Extended BPF (eBPF) is an open-source Linux technology that powers a whole new class of software: mini programs that run on events. Among its many uses, BPF can be used to create powerful performance-analysis tools capable of analyzing everything: CPUs, memory, disks, file systems, networking, languages, applications, and more. In this session, Netflix’s Brendan Gregg tours BPF tracing capabilities, including many new open-source performance analysis tools he developed for his new book “BPF Performance Tools: Linux System and Application Observability.” The talk also includes examples of using these tools in the Amazon Elastic Compute Cloud (Amazon EC2) cloud.
The eBPF session is particularly interesting to us, as we’re using eBPF to power our new Network Performance Monitoring tool.
By taking care of the servers and monitoring infrastructure for you, AWS and Datadog enable you to focus on solving important business problems. Our customers are solving some truly interesting challenges, and we love helping them share their stories. Here are the sessions we’ve partnered on:
Pirelli is known for creating cutting-edge, high-quality tires with a focus on the performance needs of both high-end consumer drivers and professional drivers. But today, Pirelli tires are much more than rubber on the road—they are connected IoT devices reporting telemetry data to help drivers achieve their safety and performance goals. Between this telemetry function and Pirelli’s other applications, a huge amount of data flows into Pirelli’s systems. Ensuring that these platforms are scalable and reliable is Pirelli’s biggest challenge. In this session, Pirelli shares how these systems are built using AWS and are made possible by modern observability tooling.
Microservices are here to stay, but nearly all of the most successful architectures originate from the classic monolith. The promised land of microservices is filled with treasures like decoupled deploys, scalability, resilience, development velocity, and more. However, the journey there can involve prolonged seasons of pain, suffering, and even regret. This talk is the story of how Stitch Fix used all three pillars of observability to build confidence, accelerate its migration, and collaborate with other teams. Learn about the strategies that Stitch Fix used and how it incorporated logs, metrics, and traces into these strategies.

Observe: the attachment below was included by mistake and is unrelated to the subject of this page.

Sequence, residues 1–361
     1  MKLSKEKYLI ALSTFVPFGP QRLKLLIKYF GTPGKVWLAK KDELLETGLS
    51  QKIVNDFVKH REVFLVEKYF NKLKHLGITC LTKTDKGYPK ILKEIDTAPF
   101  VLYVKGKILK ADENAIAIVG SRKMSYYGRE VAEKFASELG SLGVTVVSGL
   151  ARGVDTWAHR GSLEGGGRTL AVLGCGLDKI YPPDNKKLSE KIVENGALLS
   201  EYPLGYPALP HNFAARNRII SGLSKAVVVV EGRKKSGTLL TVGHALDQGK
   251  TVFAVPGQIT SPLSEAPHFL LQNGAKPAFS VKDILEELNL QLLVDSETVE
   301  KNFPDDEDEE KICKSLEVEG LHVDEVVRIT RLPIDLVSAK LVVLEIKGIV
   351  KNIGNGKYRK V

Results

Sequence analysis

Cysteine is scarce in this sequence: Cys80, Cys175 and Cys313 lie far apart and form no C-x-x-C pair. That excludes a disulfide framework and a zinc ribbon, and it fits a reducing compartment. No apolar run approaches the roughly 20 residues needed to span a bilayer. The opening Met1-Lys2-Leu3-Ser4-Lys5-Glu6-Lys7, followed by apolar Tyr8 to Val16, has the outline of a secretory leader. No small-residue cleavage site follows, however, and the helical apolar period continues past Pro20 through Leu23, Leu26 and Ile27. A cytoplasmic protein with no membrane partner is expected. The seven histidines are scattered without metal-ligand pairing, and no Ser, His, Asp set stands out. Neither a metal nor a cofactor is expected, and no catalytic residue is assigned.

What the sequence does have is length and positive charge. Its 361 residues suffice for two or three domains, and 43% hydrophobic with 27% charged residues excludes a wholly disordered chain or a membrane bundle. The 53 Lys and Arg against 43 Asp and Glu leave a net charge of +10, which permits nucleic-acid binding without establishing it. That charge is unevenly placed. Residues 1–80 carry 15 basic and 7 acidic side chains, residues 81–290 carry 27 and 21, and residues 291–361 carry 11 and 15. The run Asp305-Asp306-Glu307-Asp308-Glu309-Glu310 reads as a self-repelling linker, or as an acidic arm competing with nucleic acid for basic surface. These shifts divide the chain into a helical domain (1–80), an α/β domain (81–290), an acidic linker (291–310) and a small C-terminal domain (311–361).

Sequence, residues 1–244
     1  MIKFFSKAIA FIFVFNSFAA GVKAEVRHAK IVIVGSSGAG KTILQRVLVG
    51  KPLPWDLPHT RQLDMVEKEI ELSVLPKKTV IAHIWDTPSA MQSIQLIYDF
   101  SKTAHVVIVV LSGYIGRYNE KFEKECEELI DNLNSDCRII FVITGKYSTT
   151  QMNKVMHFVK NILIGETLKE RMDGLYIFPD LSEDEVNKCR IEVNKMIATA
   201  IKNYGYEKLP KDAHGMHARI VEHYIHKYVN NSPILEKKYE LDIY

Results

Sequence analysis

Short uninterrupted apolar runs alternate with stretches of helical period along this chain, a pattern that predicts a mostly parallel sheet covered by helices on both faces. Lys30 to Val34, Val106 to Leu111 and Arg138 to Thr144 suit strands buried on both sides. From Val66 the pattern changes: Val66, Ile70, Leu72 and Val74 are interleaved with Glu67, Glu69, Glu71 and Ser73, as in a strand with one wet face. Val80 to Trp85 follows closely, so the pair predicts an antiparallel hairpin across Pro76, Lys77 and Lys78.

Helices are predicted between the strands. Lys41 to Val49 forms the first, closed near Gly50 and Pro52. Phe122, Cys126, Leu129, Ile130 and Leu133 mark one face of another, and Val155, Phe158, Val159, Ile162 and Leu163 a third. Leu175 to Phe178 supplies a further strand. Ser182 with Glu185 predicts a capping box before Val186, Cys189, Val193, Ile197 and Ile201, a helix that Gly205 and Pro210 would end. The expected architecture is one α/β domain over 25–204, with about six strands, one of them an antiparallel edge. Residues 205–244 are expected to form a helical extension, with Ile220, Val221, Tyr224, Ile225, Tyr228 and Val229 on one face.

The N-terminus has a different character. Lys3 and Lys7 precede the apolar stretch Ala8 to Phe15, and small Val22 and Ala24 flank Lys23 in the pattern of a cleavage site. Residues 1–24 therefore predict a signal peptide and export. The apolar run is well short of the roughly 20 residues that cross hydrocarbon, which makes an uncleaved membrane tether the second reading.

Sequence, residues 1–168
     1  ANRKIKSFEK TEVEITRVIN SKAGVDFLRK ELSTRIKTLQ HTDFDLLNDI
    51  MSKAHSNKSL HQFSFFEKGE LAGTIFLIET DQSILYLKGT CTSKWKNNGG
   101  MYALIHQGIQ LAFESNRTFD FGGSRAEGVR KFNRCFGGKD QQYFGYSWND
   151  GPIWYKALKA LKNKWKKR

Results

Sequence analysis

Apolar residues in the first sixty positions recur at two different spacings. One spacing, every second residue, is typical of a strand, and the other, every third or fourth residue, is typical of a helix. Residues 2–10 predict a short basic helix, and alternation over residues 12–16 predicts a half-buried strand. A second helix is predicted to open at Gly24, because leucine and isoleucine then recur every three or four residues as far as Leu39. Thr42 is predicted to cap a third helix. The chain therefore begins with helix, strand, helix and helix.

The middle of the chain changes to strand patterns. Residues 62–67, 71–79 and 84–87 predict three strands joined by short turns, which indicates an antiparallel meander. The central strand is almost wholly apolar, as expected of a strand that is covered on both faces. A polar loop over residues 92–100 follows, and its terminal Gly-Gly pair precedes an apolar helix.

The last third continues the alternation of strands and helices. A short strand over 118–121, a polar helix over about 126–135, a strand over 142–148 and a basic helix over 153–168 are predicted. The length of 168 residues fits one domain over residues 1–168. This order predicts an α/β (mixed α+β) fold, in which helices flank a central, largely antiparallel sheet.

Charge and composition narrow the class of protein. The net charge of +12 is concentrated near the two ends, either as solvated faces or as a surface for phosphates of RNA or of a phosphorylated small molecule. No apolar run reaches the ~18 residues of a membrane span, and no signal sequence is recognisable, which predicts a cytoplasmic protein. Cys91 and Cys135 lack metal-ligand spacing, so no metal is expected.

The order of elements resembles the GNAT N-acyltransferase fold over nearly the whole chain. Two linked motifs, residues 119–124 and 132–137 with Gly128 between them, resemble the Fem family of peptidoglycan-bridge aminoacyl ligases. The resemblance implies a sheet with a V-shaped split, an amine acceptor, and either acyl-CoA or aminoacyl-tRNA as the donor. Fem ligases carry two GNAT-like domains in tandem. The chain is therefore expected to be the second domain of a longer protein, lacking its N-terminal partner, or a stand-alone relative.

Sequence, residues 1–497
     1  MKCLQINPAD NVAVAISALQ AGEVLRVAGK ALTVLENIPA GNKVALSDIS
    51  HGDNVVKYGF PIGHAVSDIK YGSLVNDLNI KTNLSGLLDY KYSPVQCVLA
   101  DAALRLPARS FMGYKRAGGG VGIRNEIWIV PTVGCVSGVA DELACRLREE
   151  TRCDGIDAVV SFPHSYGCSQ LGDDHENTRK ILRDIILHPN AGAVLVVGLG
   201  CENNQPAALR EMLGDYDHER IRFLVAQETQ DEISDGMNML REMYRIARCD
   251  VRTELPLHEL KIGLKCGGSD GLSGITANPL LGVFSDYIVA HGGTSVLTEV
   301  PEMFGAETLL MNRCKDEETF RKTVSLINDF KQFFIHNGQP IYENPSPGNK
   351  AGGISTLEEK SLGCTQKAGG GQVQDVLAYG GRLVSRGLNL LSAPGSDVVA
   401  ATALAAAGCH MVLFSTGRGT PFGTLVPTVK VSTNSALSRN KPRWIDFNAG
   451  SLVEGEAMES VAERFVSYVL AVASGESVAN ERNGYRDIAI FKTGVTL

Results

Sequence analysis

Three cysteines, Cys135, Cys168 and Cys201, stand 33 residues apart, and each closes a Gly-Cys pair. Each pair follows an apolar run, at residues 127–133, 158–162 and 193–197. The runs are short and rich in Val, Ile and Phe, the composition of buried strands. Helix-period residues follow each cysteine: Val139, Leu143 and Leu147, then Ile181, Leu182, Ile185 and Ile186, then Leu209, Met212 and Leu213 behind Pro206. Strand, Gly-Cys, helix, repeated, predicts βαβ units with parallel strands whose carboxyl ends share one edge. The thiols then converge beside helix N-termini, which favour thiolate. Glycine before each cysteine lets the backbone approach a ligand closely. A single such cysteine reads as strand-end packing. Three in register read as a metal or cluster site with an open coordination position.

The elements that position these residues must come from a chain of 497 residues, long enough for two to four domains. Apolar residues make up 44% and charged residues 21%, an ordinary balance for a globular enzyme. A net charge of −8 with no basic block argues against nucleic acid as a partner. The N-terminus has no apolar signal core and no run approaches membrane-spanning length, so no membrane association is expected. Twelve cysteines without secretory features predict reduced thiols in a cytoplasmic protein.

Digital billboards are everywhere from buildings to signs to transit stops. Place Exchange, a prominent auction platform for digital billboards, runs over 50,000 concurrent auctions 24/7 for placements on connected billboards in the world’s largest cities. In this talk, the Place Exchange team shares the challenges of managing, monitoring, and scaling a hybrid environment of edge devices all powered by a 100 percent serverless auction platform.
Braze, a digital customer engagement platform, currently automatically scales more than 10,000 servers each week and relies on Amazon EC2 Auto Scaling groups to cost-effectively handle spikes in data and messaging traffic. In this talk, Braze’s CTO and co-founder, Jon Hyman, discusses Braze’s system architecture for managing Auto Scaling. This is a process that isolates Braze’s customer base into separate “clusters” that are each tied to multiple EC2 Auto Scaling groups. Hyman also shares some lessons learned as Braze has grown over the past eight years.
There are hundreds more sessions available, and these are just a few that we think you’ll find interesting. Take a look at the full schedule and you’re sure to find many more that pique your interest. And remember to stop by our booths in the Aria and the Venetian to say hello!